Major League Baseball Deputy Commissioner Dan Halem, left, and Commissioner...

Major League Baseball Deputy Commissioner Dan Halem, left, and Commissioner Rob Manfred, right, walk after negotiations with the players association in an attempt to reach an agreement to salvage March 31 openers and a 162-game season, Monday, Feb. 28, 2022, at Roger Dean Stadium in Jupiter, Fla.  Credit: AP/Lynne Sladky

Baseball’s never-ending offseason hasn’t ended yet.

MLB officially canceled the first week of the 2022 season after negotiations with the players’ union Tuesday, the ninth consecutive day of meetings about a new labor contract, deteriorated into another public war of words, as has been their norm in recent days and weeks during the lockout and in the previous years.

The Players Association rejected what it said the league called its "last and best" offer before the MLB-imposed 5 p.m. deadline, an arbitrary end point to which the PA never agreed. Then commissioner Rob Manfred made good on his threat, revealing that the first two series of the season had been scrapped after the sides "exhausted every possibility."

That announcement came 90 days after MLB unilaterally locked out the players, a voluntary move, and 30 days before what would have been Opening Day. This is the first time regular-season games have been affected by a work stoppage since 1995.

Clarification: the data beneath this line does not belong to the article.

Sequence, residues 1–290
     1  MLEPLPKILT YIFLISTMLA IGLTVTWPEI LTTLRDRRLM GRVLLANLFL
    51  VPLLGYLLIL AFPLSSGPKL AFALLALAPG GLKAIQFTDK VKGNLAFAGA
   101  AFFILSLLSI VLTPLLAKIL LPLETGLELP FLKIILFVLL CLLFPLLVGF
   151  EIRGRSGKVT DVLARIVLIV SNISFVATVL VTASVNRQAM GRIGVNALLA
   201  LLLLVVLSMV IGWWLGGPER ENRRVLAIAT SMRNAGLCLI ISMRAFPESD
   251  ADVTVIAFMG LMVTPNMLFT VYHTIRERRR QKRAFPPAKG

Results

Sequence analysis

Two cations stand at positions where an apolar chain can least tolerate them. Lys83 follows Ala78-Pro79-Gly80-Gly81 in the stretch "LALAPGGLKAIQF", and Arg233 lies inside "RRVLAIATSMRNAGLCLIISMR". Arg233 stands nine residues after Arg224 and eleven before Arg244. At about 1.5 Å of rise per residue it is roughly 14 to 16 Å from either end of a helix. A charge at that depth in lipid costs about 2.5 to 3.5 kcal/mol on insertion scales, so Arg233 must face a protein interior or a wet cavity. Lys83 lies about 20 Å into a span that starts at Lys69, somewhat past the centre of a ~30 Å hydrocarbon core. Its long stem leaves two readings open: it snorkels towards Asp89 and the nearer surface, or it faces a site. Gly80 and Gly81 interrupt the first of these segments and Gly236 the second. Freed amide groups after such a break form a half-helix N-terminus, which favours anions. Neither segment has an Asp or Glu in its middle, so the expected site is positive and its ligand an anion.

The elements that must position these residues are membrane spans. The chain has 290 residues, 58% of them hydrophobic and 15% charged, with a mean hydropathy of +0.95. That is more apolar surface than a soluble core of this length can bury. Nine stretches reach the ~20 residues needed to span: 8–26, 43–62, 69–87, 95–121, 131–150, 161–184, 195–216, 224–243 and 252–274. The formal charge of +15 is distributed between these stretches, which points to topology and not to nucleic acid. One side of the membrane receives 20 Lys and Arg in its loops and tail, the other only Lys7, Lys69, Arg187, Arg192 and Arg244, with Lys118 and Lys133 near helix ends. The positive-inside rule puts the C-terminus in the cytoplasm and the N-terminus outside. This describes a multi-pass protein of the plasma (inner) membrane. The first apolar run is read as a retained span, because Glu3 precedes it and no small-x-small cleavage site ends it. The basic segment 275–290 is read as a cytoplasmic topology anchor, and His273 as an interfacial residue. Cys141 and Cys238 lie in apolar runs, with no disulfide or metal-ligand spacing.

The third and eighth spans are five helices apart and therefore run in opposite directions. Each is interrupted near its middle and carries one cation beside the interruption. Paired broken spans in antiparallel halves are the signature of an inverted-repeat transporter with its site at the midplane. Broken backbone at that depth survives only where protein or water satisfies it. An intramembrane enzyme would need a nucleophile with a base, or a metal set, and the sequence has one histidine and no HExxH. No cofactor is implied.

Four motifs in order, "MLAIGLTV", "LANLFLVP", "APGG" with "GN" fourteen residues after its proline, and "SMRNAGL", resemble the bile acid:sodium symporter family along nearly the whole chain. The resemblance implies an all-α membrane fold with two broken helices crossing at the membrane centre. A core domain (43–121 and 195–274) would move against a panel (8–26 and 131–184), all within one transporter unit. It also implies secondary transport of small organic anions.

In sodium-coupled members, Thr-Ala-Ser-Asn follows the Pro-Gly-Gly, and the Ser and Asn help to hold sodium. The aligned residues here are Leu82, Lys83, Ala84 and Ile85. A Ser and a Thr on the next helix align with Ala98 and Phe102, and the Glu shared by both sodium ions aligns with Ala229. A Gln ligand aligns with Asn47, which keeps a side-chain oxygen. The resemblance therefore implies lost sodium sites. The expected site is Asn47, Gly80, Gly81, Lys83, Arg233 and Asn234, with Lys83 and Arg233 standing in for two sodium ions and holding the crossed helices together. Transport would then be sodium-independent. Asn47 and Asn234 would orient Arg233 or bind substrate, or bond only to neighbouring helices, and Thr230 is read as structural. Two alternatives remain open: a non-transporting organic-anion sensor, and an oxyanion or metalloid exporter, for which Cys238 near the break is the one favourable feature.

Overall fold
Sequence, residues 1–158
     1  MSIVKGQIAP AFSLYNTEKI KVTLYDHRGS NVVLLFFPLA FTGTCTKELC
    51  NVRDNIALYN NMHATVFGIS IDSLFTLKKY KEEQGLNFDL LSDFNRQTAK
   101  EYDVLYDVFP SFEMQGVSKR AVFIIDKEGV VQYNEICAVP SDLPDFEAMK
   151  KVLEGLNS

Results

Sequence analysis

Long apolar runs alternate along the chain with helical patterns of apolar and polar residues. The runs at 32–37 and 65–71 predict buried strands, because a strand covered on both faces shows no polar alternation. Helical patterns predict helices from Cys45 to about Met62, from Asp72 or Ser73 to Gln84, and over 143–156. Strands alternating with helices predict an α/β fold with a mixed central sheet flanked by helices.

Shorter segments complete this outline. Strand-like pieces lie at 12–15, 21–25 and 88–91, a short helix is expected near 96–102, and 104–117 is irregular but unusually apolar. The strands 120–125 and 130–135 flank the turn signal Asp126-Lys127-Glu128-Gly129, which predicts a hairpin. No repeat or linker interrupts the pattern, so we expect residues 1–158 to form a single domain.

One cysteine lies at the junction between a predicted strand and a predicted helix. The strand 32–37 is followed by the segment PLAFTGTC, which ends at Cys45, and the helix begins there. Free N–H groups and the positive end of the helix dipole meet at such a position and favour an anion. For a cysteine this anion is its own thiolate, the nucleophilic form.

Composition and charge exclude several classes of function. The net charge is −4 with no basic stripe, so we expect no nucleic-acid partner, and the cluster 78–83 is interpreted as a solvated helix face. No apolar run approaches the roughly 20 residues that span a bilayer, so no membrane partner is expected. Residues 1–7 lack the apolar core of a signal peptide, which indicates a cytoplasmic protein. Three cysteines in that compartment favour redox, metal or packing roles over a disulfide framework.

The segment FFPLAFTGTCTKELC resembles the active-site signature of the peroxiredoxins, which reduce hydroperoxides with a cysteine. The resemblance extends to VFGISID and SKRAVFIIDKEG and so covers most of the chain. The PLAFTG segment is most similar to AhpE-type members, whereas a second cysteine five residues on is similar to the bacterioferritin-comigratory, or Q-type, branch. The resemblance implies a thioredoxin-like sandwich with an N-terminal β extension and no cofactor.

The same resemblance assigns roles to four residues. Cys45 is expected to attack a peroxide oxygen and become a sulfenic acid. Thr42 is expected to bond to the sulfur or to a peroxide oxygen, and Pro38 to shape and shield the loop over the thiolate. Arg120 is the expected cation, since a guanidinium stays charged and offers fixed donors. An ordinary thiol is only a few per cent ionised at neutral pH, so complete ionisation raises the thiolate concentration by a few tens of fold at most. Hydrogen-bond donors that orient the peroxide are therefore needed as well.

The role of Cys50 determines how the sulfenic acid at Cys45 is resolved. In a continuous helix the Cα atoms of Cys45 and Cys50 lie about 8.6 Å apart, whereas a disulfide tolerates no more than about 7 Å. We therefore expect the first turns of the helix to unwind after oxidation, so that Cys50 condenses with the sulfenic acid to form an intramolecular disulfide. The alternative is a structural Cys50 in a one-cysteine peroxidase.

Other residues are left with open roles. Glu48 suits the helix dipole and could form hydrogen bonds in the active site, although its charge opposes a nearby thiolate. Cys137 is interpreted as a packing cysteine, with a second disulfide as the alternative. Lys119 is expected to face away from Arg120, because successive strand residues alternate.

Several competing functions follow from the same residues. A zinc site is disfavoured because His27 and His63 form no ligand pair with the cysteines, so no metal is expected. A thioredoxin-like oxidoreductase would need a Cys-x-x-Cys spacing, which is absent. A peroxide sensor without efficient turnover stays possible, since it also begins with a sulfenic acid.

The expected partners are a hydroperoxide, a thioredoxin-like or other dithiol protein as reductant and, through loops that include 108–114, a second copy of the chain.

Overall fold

"Players want to play. We all know that," union executive director Tony Clark said during a news conference at Roger Dean Stadium in Jupiter, Florida, where the sides had been meeting. "But the reason we’re not playing is simple. A lockout is the ultimate economic weapon. Let me repeat that: A lockout is the ultimate economic weapon. In a $10 billion [per year] industry, the owners have made a conscious decision to use this weapon against the greatest asset they have: the players."

MLB and the Players Association remain in strong disagreement on key economic issues, including the competitive-balance tax, a prearbitration bonus pool and minimum salaries.

"If it was solely within my ability or the ability of the clubs to get an agreement, we’d have an agreement," Manfred said during a separate news conference. "The tough thing about this process is it takes both parties to make an agreement. I’m really disappointed."

Major League Baseball Commissioner Rob Manfred practices his golf swing...

Major League Baseball Commissioner Rob Manfred practices his golf swing as negotiations continue with the players' association toward a labor deal, Tuesday, March 1, 2022, at Roger Dean Stadium in Jupiter, Fla. Credit: AP/Lynne Sladky

The Mets, who were set to open the season at Citi Field, lost series versus Washington (three games) and Atlanta (two games). Their ticket policy, including refund information, is available at The Yankees’ season-opening road trip against the Rangers (four games) and Astros (three games) was wiped out. More games are subject to cancellation if MLB and the PA can’t come to an agreement.